The book reveals what is versus generalized false assumptions. Cabbies, Police Officers, Unbiased Scientists, Unbiased Teachers, Volunteers for most Non-profit Organizations already have an idea of. E.g. Medical doctors in low income communities, Peace Corp. Officers etc. Data driven policies are critical for all our endeavors. Great Book.
(Posted on 12/9/2018)
- Fantastic, Eye-opening Review by valz
Factfullness is a wonderfully composed reminder on how to consider the world. It provides an excellent conceptual framework and thinking tools which should be applied daily.
(Posted on 12/9/2018)
- Good premise but rather slow. Review by Michael
I think Rosling is correct that per capita carbon emissions is the key metric for climate change responsibility. He stressed that and I was convinced. But his writing about climate does not reflect the way quantitative earth system scientists understand global human caused climate change. And it misses the fact that human plans and commitments to reduce emissions are enough to stop the rise of atmospheric greenhouse gases at any projected date in the future. Or the fact that species and ecosystems keep declining as they have since the start of the industrial revolution. I think Rosling tries to be clear eyed about the facts of the world and that he succeeds more than not. He is very well qualified to write on this important subject but I for one found it slow going with little new information. Since I have to quantify my rating I’m giving it a 3+.
(Posted on 11/26/2018)
- Really good, not flawless, Review by BestBookSales Customer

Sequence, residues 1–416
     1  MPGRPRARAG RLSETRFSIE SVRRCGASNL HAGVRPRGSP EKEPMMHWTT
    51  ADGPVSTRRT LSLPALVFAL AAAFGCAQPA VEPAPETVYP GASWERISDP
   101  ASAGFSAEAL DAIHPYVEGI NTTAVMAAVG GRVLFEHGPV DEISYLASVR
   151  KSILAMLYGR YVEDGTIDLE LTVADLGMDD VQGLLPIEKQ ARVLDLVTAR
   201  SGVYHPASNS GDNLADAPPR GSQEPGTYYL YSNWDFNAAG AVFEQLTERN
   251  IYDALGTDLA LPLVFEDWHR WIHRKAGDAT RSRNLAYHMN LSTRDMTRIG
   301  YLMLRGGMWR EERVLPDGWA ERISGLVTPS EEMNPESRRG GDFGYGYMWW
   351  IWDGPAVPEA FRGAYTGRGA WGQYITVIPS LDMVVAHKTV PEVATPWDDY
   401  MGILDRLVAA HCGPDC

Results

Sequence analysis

But what should anyone expect of anything?
I found it uplifting and inspiring in contrast to what I generally hear reading the news. The primary take-away for me is that-regardless of the constant 'world is going to hell in a handbasket' drum-beat coming from news sources, politicians and other salespeople who benefit from panicked and thoughtless decision making- the world is in fact improving dramatically for almost everybody. Toward the end of the book, the author admits to hasty decisions that he was part of that cost lives. Wow. Very tough stuff to own and share. I think the author is a good guy, maybe cheering a bit too much for America to get knocked off the top of the heap for my tastes, but what do you want? He's Swedish.
(Posted on 11/23/2018)
- Read this twice! Review by Williamb
While Richard Harries' narration is a bit slow, this is a well read delivery. (Listen at 1.5.) The balance of anecdote and facts is very nicely balanced. Anecdotal illustrations are personal and meaningful. I have retold many of Hans Rosling's stories many times to illustrate the misunderstanding he was addressing most of his life. His reflective style that confesses his own erroneous outlook is a great way to build empathy. Rosling offers excellent advice about being suspicious of numbers without comparisons. Ratios are strong comparisons. Two valuable takeaways: there is no "them" and "us", and question your own cultural assumptions. Read or listen to this book twice - you will be wiser for it.
(Posted on 11/12/2018)